Mostly whimsical reflections on life
What would you do if given a choice between your day job and being a stand-up comic?
Vincent August Sicari chose stand-up comedy over being a New Jersey judge. I wished I had his punchlines.
The closest I’ve gotten to a stand-up comedy gig is when I ran for political office.
My wife says when I go to the home, maybe I could try sit-down, where my audience may die yawning.
People laugh at me all the time, but I’m not sure it’s because of my jokes.
A career in comedy has been a dream of mine for a long time. My first comic idol was Howdy Doody, which explains my problem with punchlines.
Later I was fascinated by Johnny Carson who could “die” onstage after a joke fell flat better than anyone else. It was clear this was a technique I needed to master.
Carson also had a crazy cast of characters, from Carnac the Magnificent to Floyd Turbo and his iconic, if not ridiculous, plaid hunting hat with ear flaps.
I practiced my knock-off characters in front of the mirror, with the bathroom door locked. It just wasn’t the same without a human laugh track like Ed McMahon.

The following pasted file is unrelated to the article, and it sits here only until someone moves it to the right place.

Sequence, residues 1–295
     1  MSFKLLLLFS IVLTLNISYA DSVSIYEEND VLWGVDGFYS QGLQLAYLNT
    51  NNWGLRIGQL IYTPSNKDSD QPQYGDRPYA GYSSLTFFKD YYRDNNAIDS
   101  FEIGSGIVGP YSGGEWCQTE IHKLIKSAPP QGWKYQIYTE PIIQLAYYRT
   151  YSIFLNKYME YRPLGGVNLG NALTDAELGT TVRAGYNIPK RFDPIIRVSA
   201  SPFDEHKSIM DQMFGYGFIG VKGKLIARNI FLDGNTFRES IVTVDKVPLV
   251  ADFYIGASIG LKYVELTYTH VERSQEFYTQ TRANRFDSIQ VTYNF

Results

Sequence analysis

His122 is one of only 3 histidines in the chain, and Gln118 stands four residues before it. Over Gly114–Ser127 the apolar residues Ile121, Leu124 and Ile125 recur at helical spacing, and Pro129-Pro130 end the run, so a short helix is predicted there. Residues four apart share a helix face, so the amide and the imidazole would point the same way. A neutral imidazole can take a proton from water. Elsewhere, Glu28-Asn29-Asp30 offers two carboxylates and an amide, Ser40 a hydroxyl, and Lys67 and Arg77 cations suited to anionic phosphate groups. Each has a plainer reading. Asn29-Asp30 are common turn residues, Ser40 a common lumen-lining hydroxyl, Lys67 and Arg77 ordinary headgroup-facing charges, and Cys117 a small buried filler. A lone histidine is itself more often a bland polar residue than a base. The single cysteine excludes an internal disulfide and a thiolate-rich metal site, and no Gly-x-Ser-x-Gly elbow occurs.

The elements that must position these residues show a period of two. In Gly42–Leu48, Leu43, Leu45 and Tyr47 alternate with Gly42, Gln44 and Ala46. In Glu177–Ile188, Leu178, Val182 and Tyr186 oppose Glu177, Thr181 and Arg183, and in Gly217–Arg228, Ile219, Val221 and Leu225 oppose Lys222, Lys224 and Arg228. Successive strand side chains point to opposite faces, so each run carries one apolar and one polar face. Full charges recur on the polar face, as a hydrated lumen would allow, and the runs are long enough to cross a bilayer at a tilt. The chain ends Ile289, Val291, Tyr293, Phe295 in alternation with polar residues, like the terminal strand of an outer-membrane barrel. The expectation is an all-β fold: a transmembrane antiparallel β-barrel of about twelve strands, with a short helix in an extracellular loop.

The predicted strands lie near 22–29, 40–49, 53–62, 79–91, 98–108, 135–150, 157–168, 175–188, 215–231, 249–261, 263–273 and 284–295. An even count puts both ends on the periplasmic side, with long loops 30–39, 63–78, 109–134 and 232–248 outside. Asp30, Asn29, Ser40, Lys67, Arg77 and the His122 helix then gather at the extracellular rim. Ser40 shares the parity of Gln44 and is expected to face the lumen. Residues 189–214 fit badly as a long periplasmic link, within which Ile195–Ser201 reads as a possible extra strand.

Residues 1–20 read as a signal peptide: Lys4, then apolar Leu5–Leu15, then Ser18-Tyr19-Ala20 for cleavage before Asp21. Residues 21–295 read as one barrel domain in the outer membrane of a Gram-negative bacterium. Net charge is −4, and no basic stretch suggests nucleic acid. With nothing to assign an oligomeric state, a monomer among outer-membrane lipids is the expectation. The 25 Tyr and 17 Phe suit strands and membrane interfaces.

Involvement in politics has provided its share of laughs and guffaws. But testifying at a legislative committee on a land-use bill isn’t the same as ricocheting one-liners at a live audience that has been drinking daiquiris for a couple of hours.
Sicari’s decision to sacrifice honor for humor is inspiring. He said his decision wasn’t about money. It was about pride.
Personally, I have no pride. I would do stand-up for nothing. Good thing, I may only be able to get paid for sitting down and shutting up.